Rusney Castillo

Red Sox notes: Rusney Castillo, Jackie Bradley headed to Pawtucket; Justin Masterson to start Game 3

Rob Bradford
April 02, 2015 - 1:34 pm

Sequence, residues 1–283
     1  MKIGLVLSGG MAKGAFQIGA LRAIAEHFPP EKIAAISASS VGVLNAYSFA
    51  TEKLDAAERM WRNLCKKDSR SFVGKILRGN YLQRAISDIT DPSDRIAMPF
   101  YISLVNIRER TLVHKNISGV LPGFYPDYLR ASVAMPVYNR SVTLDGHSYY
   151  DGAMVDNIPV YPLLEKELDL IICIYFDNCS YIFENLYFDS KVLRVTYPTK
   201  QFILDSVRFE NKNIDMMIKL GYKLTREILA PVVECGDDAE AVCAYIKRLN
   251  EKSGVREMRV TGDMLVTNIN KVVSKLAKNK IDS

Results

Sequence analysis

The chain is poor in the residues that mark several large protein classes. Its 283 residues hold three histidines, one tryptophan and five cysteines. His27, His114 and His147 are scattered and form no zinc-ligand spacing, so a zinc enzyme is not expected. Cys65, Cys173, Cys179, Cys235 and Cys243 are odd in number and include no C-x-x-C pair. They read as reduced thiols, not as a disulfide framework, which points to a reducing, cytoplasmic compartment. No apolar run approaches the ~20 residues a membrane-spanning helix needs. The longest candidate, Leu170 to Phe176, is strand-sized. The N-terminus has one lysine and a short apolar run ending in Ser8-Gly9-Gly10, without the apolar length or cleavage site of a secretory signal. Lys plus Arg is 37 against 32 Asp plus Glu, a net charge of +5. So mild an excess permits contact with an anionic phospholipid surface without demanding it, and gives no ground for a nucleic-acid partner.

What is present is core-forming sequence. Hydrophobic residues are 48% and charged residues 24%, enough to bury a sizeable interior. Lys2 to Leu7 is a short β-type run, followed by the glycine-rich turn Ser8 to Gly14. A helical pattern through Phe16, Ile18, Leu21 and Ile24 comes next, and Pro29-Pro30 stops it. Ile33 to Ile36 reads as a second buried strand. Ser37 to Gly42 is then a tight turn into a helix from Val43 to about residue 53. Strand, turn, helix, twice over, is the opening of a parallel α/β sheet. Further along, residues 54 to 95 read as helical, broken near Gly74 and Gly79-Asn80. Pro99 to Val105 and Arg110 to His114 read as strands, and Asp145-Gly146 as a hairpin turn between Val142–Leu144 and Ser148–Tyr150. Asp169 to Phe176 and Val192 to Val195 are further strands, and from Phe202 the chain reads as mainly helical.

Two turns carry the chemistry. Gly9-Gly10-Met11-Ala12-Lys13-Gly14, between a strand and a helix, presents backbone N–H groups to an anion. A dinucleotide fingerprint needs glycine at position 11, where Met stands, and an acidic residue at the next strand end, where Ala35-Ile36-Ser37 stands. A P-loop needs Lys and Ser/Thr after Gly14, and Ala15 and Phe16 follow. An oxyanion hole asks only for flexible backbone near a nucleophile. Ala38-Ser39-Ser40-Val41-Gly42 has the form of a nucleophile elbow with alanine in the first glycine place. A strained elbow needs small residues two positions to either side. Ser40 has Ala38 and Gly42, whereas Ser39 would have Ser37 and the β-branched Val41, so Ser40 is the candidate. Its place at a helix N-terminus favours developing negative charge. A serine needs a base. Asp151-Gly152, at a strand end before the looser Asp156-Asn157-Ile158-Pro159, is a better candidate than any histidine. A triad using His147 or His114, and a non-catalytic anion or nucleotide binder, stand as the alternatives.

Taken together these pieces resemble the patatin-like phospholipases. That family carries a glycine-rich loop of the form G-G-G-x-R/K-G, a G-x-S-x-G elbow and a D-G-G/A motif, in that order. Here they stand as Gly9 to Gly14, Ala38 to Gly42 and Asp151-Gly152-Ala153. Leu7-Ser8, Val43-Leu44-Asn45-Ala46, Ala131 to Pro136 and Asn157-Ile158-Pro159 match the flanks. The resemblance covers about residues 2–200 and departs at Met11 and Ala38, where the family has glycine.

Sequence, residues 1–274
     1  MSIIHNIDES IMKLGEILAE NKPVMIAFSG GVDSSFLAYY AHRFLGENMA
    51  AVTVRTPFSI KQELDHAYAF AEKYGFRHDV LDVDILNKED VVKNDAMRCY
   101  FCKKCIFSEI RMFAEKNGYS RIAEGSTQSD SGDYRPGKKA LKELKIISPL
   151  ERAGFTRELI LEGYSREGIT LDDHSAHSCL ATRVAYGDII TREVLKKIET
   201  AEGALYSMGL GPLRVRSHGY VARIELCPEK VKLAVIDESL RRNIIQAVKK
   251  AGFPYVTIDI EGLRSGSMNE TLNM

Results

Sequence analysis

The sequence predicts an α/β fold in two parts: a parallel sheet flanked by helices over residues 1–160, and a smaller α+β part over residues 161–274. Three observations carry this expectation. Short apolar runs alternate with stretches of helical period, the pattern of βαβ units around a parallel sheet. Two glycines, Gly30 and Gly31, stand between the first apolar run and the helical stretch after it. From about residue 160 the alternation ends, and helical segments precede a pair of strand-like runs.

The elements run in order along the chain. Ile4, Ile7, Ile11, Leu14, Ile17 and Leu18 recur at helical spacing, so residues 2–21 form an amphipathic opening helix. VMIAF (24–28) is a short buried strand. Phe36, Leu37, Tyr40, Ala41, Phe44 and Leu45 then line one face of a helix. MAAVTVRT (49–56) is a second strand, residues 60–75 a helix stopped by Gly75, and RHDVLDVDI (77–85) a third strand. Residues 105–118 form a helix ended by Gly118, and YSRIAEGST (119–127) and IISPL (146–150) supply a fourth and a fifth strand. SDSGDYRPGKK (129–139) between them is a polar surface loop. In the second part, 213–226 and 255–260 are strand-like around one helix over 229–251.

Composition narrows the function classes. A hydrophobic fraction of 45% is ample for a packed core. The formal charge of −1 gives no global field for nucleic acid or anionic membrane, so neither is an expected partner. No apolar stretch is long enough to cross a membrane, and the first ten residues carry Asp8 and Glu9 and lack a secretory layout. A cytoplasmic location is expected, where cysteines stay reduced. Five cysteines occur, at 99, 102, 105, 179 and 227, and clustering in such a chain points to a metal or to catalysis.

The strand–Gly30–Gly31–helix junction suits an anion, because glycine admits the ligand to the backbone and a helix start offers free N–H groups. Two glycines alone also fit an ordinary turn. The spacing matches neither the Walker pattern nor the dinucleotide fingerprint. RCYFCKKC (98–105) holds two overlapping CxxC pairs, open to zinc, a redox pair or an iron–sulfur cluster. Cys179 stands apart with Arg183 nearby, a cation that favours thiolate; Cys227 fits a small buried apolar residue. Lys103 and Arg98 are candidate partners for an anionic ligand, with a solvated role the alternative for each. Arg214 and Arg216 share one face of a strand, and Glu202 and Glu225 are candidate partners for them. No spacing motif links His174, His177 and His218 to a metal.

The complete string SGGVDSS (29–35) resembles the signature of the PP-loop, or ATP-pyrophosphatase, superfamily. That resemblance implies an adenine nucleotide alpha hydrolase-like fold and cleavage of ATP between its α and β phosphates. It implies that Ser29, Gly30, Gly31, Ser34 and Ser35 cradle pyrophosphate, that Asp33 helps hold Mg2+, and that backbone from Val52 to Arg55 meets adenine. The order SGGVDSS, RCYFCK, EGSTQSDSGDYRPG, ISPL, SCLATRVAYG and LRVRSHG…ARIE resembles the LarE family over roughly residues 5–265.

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FORT MYERS, Fla. -- The Red Sox made it official Thursday: Rusney Castillo won't be starting the season with the big league club. The team sent down outfielders Jackie Bradley and Castillo to Triple-A Pawtucket. The Sox also announced that pitchers Dana Eveland and Dalier Hinojosa, along with shortstop Deven Marrero and catcher Matt Spring had been assigned to minor league camp. Catcher Humberto Quintero, who has an opt-out in his deal and will make $100,000 if he accepts an assignment to the minor leagues, was also told he would not be making the big league club. While the Castillo news didn't come as a total surprise, it was the most notable transaction of the camp to date. It's not every day that a 27-year-old who is scheduled to make $10.5 million this season (and more than $70 million over the next six years) won't begin the regular season on a major league roster. Still, assuming Shane Victorino got to the end of spring training in good health, this scenario was most likely considered the probable outcome by the organization. "With Rusney'€™s situation, he came, obviously he missed a little bit of time because of the oblique. But he'€™s done everything we'€™ve asked of him," Red Sox manager John Farrell said. "That goes back to the day we signed him to the winter leagues (Arizona and Puerto Rico) in which he participated in, to the way he played in spring training. He'€™s an exciting young player. At this point he'€™s going to begin the season at Pawtucket." Castillo told WEEI.com earlier in camp that if news came down that he would start in the minor leagues it wouldn't alter his "plan," "attitude" or "perspective." It was a similar message he relayed to Farrell and general manager Ben Cherington when getting his news Thursday afternoon. "That this wasn'€™t going to deter or change who he is or how he goes about his work," said Farrell of Castillo's reaction to the news. "He'€™s a young guy that is one a mission. It doesn'€™t, in his mind, begin in fruition until that starts again in Boston. That'€™s in the near future, we just don'€™t know when." To Castillo's credit, he made the decision more interesting than anybody anticipated a few weeks ago, having missed the first half of Grapefruit League games with an oblique injury. Castillo has hit .310 with a .931 OPS and two home runs in 29 at-bats during this exhibition season. He has also played an above-averge outfield, both in regards to his range and throwing arm. But with the desire to see Castillo play everyday, and Victorino heading into the regular season without any significant physical setbacks, there was no room on a roster that will see Daniel Nava, Allen Craig and Brock Holt serve as back-ups in the outfield. "One of the things we told him in the conversation was that from the day he signed to now, he's done everything we've asked him to do," said Cherington of Castillo. "He's done everything within his control and only confirmed for us why we signed him in the first place. This is a long-term investment, a long-term proposition, and we expect it to work out very well for him and for the Red Sox. We certainly see him as a major-league player. It's just not going to be on Opening Day in 2015." Like Castillo, Bradley also opened eyes with his play this spring. Bradley has hit .378 in Grapefruit League action this spring, totaling a .906 OPS. Perhaps most notably, he cut down his strikeouts, fanning just seven times in 50 plate appearances. "I think what clearly happened is that our roster'€™s changed dramatically from a year ago. Both guys will be complimented on strong springs," Farrell said. "I think Jackie has done a good job at making adjustments at the plate. He'€™s put up a number of quality at-bats. There'€™s a swing that he'€™s gotten back to that'€™s a swing that he'€™s used for most of his baseball career, and that'€™s a line-drive approach. He'€™s used the whole field. I think he'€™s closed up some of the holes that were present a year ago. He'€™s had a strong spring, but he'€™s going to continue on to Pawtucket." Asked if he had any urge to deal off one of the outfield pieces, Cherington said, "We recognize when you have a number of guys in the mix for a certain number of spots maybe the math doesn't quite line up. We recognize that can bring some challenges but we'€™d rather have a good problem than not have enough good options. But it'€™s very early. It'€™s the beginning of April, things change quickly in this game, as we know. as I said earlier in spring, we need to get more production out of the whole team, but certainly from the outfield, compared to what we did last year. I think we'€™re in better position to do that. We just have to get into the season and see how guys are doing, see how things go." -- Farrell also announced that Justin Masterson would be making his first start in the third game of the Red Sox' series against the Phillies in Philadelphia. It is still unclear when Joe Kelly's first outing might be, with the righty scheduled to throw a minor league game at Fenway South Monday. -- It seems unlikely that David Ortiz will get any time playing first base in either of the final two spring training games despite that he will be required to man the position during the team's first series. "He gets work there and will get work there before the first day that he'€™s on the field," Farrell said. "He and I have yet to map out a specific routine or plan. He'€™s going to get work over there. But we'€™ve also seen that David can take a couple of days of groundballs in interleague play and has been more than fine at first base. I don'€™t see that changing. He'€™s not playing there [Thursday night]."